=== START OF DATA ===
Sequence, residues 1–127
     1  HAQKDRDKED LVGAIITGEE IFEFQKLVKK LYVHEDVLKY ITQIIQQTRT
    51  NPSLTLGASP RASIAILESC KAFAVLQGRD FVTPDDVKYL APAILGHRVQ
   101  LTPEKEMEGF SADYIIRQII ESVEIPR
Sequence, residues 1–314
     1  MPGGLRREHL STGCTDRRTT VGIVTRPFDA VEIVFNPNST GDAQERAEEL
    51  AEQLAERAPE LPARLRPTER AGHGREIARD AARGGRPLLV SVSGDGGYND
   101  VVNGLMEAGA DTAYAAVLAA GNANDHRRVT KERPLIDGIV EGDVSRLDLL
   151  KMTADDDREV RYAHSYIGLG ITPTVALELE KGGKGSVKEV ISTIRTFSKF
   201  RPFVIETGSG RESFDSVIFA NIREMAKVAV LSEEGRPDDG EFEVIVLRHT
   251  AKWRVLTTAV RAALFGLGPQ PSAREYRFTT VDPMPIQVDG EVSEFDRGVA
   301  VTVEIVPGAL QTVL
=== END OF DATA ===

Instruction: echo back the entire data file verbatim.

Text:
Sequence, residues 1–127
     1  HAQKDRDKED LVGAIITGEE IFEFQKLVKK LYVHEDVLKY ITQIIQQTRT
    51  NPSLTLGASP RASIAILESC KAFAVLQGRD FVTPDDVKYL APAILGHRVQ
   101  LTPEKEMEGF SADYIIRQII ESVEIPR
Sequence, residues 1–314
     1  MPGGLRREHL STGCTDRRTT VGIVTRPFDA VEIVFNPNST GDAQERAEEL
    51  AEQLAERAPE LPARLRPTER AGHGREIARD AARGGRPLLV SVSGDGGYND
   101  VVNGLMEAGA DTAYAAVLAA GNANDHRRVT KERPLIDGIV EGDVSRLDLL
   151  KMTADDDREV RYAHSYIGLG ITPTVALELE KGGKGSVKEV ISTIRTFSKF
   201  RPFVIETGSG RESFDSVIFA NIREMAKVAV LSEEGRPDDG EFEVIVLRHT
   251  AKWRVLTTAV RAALFGLGPQ PSAREYRFTT VDPMPIQVDG EVSEFDRGVA
   301  VTVEIVPGAL QTVL